The History and Origins of the Montessori Method of Learning

The Montessori method of education has always been characterized as a more holistic, self-paced, and experiential approach to learning. Many Montessori schools in Springville, NY, California, Arizona, Minnesota, and other states have since adopted the method into their own curriculum. But before it became one of the most well-known alternative schools in the country and in the world, it all started with a woman named Maria Montessori. Let’s explore the life of Maria and how she founded the Montessori method of learning.

How It All Started

Maria Montessori was born on August 31, 1870, in the provincial town of Chiaravalle, Italy. She was raised in a family that prized education by her father, a financial manager, and her mother, a well-educated woman who was the great-niece of a known Italian geologist. Maria was well-schooled and an avid reader, which was quite unusual for Italian women at the time. In fact, she was quite a sterling student, confident, ambitious, and unwilling to be limited by traditional expectations for women. At age 13, she entered an all-boys technical institute to prepare for a career in engineering.

In time, however, Maria changed her mind and decided to pursue a career in medicine instead. She was accepted into medical school and was able to complete her studies after a few years.

Birth of a Movement

After graduating, Maria’s early medical practice focused on psychiatry. Eventually, she developed an interest in education, and she started immersing herself in educational theory while taking classes in pedagogy.

At this point, Dr. Maria Montessori started her research on children with disabilities. She realized that children build themselves from what they find in their environment. Her findings on how children learn from their environment are what inspired her to return to the University of Rome to study psychology and philosophy and later teach anthropology.

On January 6, 1907, Dr. Montessori founded her first Casa dei Bambini, which is Italian for “Children’s House.” She was determined to make the Casa an environment where quality education is at its center. While teaching underprivileged children, Dr. Montessori recognized that the youngsters responded to the materials with a deep concentration and exhibited calm, peaceful behavior. Through scientific observation, she discovered that children absorb knowledge from their surroundings, essentially teaching themselves.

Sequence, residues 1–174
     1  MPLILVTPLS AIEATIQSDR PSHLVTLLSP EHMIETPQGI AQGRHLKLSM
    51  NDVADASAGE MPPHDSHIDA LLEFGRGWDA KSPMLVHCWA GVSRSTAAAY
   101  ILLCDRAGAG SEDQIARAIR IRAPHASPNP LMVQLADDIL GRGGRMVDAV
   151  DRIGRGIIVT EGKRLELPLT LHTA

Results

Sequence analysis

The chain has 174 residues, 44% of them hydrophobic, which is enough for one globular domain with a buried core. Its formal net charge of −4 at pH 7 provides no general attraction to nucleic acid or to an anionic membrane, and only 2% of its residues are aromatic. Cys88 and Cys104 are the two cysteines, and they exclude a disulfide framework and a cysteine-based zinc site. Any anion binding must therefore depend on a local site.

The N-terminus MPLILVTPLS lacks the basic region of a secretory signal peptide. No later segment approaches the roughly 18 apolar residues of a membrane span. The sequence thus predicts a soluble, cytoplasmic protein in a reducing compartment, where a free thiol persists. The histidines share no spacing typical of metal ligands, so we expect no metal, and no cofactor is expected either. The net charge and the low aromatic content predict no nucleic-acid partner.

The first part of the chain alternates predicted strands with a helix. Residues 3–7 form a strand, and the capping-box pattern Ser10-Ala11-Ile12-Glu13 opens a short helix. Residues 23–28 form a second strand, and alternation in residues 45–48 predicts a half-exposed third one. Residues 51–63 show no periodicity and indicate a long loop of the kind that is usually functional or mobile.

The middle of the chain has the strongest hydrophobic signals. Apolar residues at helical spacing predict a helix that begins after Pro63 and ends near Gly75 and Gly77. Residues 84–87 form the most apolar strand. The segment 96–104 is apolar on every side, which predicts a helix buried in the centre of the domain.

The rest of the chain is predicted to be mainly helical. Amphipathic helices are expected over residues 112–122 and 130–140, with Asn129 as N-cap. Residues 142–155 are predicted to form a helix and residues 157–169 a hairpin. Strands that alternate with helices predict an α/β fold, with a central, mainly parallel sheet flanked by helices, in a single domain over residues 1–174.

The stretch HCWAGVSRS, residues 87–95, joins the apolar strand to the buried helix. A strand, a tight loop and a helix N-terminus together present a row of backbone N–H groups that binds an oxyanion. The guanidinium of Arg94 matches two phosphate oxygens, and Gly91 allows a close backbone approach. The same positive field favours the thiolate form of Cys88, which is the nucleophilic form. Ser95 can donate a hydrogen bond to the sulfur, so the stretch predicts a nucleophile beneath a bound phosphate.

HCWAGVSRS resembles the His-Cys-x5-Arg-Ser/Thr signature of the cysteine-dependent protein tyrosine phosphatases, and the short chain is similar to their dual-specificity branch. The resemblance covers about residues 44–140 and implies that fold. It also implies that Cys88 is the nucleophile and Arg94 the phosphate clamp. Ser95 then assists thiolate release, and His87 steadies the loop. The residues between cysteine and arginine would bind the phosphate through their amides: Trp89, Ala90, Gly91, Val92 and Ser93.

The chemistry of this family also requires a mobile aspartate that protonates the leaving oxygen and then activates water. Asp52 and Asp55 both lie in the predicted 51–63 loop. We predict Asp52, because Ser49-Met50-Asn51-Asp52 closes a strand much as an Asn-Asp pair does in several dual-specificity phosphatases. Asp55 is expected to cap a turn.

Breaking Barriers in Education

Through her experience and the observations she found in her research, Dr. Montessori designed unique learning materials for them, many of which are still in use in Montessori schools all over the world. Eventually, news of the school’s success soon spread everywhere.

The innovative Montessori method began attracting the attention of prominent educators eager to learn it. Some of them even learned from Dr. Montessori herself.

Embodying Catholic Traditions

Dr. Montessori herself was a devout catholic. The method of learning she developed is very much Catholic in nature. Since the Montessori method is pretty much centered around the development of the person or the child, it seamlessly follows the teachings of Catholicism. In fact, Dr. Montessori even wrote extensively about the innate religiosity of children and strongly believed that education cultivates the mind, body, and soul of every child. While the Montessori method has evolved over the years and has been used even by non-Catholic schools and congregations, it still remains to be rooted in the Catholic Church’s traditions as Dr. Montessori designed it.

Conclusion

St. Aloysius Regional School is a Montessori school in Springville, NY, that celebrates Dr. Montessori’s teachings by integrating her methods into our very curriculum. We offer a robust teaching program focusing on science, technology, engineering, arts, math, and religious instruction. For quality Montessori education, enroll your child in St. Aloysius Regional School today.